Let me here introduce some results from the recent opinion polls made in Turkey by different companies. Konsensüs Company for instance made a poll in January 2018 and found that support for Mr. Erdoğan’s presidency is around 47 % and he could easily win the presidential election with NAP support. SONAR Company on the other hand claimed that Erdoğan’s support is only around 46 % including NAP votes by January 2018 and thus, 2019 presidential race will not be a piece of cake election for Mr. Erdoğan. Lastly, Gezici Company in January 2018 found out that Mrs. Akşener (42.7 %) and Mr. Erdoğan’s (45.2 %) public support for presidency are very close if they would go to second round together. These results are contradicting, but they still give us an idea about what could happen. So, the most probable outcome is still Erdoğan’s victory although the opposition has a much higher chance compared to Russian presidential election for instance.
Simultaneously with the presidential election, on November 3, 2019 Turkey will also have a parliamentary election for 600 parliamentary seats in Turkish Grand National Assembly (TBMM). Although TBMM’s role will be rather limited in the new political system of Turkey, parliamentary election is still important for prestige and for controlling the legislative power. Konsensüs Company’s January 2018 polls declared JDP as the biggest favorite of parliamentary elections with 44.9 % of the votes, while RPP had 23.7 %, NAP had 10.6 % and pro-Kurdish People’s Democratic Party-PDP (HDP) had 9.1 % support. AKAM Company’s February 2018 results were; 40.20 % for JDP, 25.50 % for RPP, 13.30 % for Good Party, 12 % for PDP and 7.30 % for NAP. Most recently, ORC Company in March 2018 predicted JDP’s landslide victory with 48.2 % support and declared RPP support as 24.6 %. These results show that JDP will become the winner of the parliamentary election anyway, but the election results will tell us how strong their support is among the Turkish public.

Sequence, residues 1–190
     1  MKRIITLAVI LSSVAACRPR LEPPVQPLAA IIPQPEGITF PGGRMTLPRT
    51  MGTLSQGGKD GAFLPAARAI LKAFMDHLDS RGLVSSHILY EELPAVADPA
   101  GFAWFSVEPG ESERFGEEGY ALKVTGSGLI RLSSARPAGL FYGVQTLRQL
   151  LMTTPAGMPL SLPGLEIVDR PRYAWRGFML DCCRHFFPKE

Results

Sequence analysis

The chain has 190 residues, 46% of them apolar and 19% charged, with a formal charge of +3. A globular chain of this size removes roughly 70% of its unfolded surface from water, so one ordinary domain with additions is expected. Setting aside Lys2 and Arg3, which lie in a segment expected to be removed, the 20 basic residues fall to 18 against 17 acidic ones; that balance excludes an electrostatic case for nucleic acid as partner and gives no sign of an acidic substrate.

Finally, it is not wrong to conclude that 2019 will be tough year for Turkish economy due to electoral costs, increasing polemics between presidential candidates and political party representatives and ongoing military operation in Syria. However, I am certain that Turkish people will continue to act as a honorable nation that hosts most refugees in the world without any complaints and that fights against all kinds of terrorist organizations without any distinction.
Dr. Ozan ÖRMECİ